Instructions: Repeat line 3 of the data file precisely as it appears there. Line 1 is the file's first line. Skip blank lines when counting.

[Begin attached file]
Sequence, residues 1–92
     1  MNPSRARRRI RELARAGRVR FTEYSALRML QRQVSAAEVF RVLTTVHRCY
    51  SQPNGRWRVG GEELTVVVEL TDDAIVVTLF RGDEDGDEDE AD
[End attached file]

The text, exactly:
    51  SQPNGRWRVG GEELTVVVEL TDDAIVVTLF RGDEDGDEDE AD